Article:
Janwillem van de Wetering (1931-2008) was born and raised in Rotterdam, but lived most recently in Surry, Maine. He served as a member of the Amsterdam Special Constabulary and was once a Zen Buddhist monk. He is renowned for his detective fiction, including Outsider in Amsterdam, The Corpse on the Dike, The Japanese Corpse, The Maine Massacre, which garnered him the Grand Prix de Littï¿½rature Policiï¿½re, and ten other books in the Amsterdam Cops series.
Returning after Hard Rain and an eight-year absence are the author's retired-still quirkily honorable and often misbehaving-Amsterdam cops, Grijpstra and de Gier. Responding to de Gier's trans-Atlantic call for help, Grijpstra leaves the cozy embrace of his mistress, Nellie, for a daunting journey to a small coastal island in Maine where his former partner has gone to seek solitude and wisdom (sometimes with the help of illegal substances) and is being blackmailed for having pushed a local woman, his sometime lover, over a cliff to her death. Key to Grijpstra's investigation are a wealth of deftly etched secondary characters: Ishmael, his pilot to Jamestown, Maine, who also collects found art; a corrupt, bald sheriff called Hairy Harry; two down-and-out fishermen, Flash and Bad George; a waitress from Hawaii named Akiapola'au and her lover, Beth, owner of Beth's Diner; a bear; and a dog named Kathy Two, thought to be the reincarnation of Flash's mother (Kathy One). Overseeing the antic action like distant gods are the cops' former boss, the commissaris in Amsterdam and the local property holder, Bildah Farnsworth. More than one drug-running operation, a money-making scam of lesser proportion, gratuitous cruelty, venality, a Papuan rite of revenge and intelligent, unpredictable humor wrap up this narrative delight. (Oct.)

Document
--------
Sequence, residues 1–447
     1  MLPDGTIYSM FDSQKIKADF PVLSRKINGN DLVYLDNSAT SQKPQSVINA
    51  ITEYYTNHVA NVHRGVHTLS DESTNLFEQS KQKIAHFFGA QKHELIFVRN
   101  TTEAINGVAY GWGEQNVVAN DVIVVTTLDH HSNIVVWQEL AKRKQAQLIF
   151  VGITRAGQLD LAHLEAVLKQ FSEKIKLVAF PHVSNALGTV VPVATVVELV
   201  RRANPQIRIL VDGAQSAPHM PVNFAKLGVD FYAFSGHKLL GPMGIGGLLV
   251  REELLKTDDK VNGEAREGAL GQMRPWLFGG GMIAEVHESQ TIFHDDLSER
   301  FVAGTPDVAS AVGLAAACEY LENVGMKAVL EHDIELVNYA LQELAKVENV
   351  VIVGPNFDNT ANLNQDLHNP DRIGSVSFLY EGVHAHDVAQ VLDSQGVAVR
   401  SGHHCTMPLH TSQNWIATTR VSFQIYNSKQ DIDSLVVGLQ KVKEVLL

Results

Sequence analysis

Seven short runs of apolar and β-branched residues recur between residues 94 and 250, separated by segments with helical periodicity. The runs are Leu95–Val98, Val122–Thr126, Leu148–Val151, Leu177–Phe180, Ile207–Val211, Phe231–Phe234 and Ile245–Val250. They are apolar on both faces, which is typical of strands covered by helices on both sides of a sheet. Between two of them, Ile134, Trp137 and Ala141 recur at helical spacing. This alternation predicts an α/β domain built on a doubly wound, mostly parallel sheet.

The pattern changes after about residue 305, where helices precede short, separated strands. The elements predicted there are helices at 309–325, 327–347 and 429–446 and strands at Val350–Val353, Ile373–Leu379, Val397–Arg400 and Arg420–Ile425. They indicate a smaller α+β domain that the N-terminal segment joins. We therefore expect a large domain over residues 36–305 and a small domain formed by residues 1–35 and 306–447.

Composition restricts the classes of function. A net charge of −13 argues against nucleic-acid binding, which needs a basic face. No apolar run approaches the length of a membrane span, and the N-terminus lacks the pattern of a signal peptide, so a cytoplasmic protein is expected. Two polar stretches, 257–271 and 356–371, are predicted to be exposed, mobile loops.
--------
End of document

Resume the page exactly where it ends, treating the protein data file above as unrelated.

Praise for Just a Corpse at Twilight *Finalist for the Anthony Award* "The many fans of the series should find enjoyment in Just a Corpse at Twilight, as should those readers who prefer their fictional crimes unorthodox, cerebral and slightly outrageous." --The New York Times Book Review "It is very good news for van de Wetering's international legion of fans that de Gier, Grijpstra and the commissioner are back." --The Boston Globe "What makes this book much fun to read is its tone: clever, wry, ironic, yet gripping . . . This is sophisticated, intelligent entertainment . . . You'll want more." --Men's Journal "Intelligent, unpredictable humor . . . [a] narrative delight." --Publishers Weekly, Starred Review "Splendid." --The Guardian "Van de Wetering is an utterly charming writer, full of wit and humor and sharp insight, a unique voice in the chorus of mystery writers." --The Ottawa Citizen "Less a mystery novel than a novel about mystery . . . as usual in this piquant, much-loved series." --Kirkus Reviews "The welcome return of Amsterdam police detectives Henk Grijpstra and Rinus de Gier . . . Witty [and] entertaining." --The Rotarian Praise for Janwillem van de Wetering "Masterly Zen mysteries." --The New York Times Book Review "[Van de Wetering] is doing what Simenon might have done if Albert Camus had sublet his skull." --John Leonard "A superb storyteller." --Chicago Tribune "First and foremost in the genre is, once again, Janwillem van de Wetering...he knows police work and policemen, and he's as sly as a Zen koan." --Men's Journal "What atmosphere! Elegant! Satisfying!" --Baltimore Sun "What makes this series so engaging is that the policemen are as quirky and complicated as the criminals." --The Washington Post